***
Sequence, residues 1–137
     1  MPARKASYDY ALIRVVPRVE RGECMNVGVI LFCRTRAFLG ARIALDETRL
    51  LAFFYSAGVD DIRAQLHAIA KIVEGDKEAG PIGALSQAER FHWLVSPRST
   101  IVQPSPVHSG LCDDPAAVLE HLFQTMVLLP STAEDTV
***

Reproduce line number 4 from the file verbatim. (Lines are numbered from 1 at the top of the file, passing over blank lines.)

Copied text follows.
   101  IVQPSPVHSG LCDDPAAVLE HLFQTMVLLP STAEDTV